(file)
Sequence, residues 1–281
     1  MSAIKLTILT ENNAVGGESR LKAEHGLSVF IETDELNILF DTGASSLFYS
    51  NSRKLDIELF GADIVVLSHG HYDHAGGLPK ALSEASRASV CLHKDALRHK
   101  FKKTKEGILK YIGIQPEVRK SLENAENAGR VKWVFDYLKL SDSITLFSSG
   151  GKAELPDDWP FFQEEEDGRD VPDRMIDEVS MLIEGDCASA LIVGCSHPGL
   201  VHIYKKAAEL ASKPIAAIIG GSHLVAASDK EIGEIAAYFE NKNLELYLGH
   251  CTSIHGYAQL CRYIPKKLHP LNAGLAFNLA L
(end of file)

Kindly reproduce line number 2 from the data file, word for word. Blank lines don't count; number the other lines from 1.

     1  MSAIKLTILT ENNAVGGESR LKAEHGLSVF IETDELNILF DTGASSLFYS